Title: Tipping the balance from tolerance to anti-cancer immunity in Tasmanian devils
A transmissible cancer first identified in 1996 has been the primary driver for an 85% decline in wild Tasmanian devils. Recently a second type of transmissible tumour was discovered in wild devils and further threatens the long-term persistence of wild Tasmanian devils. These two transmissible tumours offer a unique opportunity to learn how tumours avoid being killed by the immune system, and the knowledge we acquire from studying these transmissible tumours could have help us to understand cancer and transplant rejection in humans and other species. We have recently developed cutting-edge molecular tools (i.e. recombinant cytokines and checkpoint molecules) for studying and manipulating the devil immune system. The goal of this project will be to assess functional responses of tumour cells and immune cells to cytokines and manipulation of checkpoint molecule and cytokine signalling pathways at the RNA and protein levels. Bioinformatics skills are highly desirable, but not essential.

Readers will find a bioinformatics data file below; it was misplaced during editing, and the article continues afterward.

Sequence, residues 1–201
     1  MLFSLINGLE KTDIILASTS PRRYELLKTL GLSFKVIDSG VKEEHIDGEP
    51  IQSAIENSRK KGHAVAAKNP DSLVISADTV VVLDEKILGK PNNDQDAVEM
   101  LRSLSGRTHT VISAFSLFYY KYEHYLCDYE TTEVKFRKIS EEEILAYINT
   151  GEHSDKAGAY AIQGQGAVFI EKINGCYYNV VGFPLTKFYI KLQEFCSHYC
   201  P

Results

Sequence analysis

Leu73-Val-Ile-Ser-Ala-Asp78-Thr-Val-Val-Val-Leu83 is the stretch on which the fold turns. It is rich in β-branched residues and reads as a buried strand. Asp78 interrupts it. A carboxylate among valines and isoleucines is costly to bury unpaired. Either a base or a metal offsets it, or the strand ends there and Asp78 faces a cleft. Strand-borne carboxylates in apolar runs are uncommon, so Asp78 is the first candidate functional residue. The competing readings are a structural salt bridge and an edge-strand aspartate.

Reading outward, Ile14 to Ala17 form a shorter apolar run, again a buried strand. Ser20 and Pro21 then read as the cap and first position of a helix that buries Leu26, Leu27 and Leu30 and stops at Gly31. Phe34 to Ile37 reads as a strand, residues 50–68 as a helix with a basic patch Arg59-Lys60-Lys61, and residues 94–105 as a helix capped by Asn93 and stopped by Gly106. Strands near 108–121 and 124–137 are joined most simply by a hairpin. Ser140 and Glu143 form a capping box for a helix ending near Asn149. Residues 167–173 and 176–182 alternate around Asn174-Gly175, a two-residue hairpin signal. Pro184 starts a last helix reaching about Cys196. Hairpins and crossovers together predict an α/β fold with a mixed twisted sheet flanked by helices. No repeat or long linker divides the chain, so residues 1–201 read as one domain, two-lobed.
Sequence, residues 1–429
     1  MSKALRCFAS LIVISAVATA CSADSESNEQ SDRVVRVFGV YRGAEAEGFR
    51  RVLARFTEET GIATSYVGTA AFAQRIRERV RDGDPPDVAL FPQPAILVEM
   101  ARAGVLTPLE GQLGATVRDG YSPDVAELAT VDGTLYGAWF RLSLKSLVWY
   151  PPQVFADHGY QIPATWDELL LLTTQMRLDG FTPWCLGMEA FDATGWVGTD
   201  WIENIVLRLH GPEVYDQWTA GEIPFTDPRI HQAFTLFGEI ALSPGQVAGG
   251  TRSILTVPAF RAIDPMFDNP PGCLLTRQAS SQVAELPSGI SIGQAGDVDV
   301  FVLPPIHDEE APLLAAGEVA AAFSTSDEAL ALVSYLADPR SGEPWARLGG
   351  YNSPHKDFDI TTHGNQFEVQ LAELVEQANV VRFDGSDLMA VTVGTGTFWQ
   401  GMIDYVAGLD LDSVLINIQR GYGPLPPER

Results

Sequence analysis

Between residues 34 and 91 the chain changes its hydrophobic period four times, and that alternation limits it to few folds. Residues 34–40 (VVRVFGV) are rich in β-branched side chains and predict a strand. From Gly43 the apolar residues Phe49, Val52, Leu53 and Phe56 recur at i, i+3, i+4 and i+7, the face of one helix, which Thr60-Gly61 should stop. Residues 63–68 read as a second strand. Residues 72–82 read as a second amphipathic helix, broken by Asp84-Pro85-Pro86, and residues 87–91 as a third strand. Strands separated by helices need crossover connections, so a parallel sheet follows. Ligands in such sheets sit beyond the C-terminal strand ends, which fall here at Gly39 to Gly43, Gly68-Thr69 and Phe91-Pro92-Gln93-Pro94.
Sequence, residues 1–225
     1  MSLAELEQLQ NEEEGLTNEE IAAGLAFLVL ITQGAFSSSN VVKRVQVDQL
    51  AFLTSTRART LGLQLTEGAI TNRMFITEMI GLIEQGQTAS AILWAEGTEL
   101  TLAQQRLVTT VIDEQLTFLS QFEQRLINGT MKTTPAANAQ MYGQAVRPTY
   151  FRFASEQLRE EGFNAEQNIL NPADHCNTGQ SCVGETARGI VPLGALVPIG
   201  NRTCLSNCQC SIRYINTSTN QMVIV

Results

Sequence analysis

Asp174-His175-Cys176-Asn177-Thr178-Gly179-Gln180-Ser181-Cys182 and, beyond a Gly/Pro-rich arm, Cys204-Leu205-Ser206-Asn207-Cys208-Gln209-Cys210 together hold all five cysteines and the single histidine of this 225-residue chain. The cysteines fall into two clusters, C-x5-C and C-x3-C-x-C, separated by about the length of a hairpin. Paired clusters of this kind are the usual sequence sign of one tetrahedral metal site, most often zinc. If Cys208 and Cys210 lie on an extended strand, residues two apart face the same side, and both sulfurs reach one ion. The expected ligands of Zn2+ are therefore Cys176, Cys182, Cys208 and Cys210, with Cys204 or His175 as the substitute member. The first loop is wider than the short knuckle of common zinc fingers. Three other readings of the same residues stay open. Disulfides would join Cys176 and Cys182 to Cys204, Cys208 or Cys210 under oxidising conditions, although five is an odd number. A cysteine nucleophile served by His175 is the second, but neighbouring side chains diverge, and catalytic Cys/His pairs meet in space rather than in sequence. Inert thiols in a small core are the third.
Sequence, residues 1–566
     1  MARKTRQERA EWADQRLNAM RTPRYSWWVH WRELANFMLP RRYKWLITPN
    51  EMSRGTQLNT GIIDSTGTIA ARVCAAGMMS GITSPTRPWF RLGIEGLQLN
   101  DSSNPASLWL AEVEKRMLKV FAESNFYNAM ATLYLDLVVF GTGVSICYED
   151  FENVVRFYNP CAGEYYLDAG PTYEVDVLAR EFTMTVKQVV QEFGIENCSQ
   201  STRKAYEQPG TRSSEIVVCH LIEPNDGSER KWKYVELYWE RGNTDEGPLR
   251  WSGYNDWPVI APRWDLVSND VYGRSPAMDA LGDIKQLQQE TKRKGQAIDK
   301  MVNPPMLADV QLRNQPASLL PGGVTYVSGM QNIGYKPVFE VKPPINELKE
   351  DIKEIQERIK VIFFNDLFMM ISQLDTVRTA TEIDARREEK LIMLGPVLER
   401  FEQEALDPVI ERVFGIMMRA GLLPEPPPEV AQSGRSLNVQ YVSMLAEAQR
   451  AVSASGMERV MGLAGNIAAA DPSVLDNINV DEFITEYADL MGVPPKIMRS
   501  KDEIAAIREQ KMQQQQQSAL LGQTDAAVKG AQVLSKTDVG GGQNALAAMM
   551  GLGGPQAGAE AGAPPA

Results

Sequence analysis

1. Determine most effective methods for stimulating anti-tumour immune responses using
2. Identify novel immune evasion pathways using RNA-seq
Dr Andy Flies (email@example.com)
ARC Discovery Early Career Research Fellow